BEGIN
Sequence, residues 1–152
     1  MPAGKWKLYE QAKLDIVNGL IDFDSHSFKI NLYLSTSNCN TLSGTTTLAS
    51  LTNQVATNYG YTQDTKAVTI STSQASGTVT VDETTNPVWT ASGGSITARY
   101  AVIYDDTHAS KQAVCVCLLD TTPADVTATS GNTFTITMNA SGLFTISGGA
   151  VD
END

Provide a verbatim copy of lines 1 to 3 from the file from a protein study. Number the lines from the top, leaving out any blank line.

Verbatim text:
Sequence, residues 1–152
     1  MPAGKWKLYE QAKLDIVNGL IDFDSHSFKI NLYLSTSNCN TLSGTTTLAS
    51  LTNQVATNYG YTQDTKAVTI STSQASGTVT VDETTNPVWT ASGGSITARY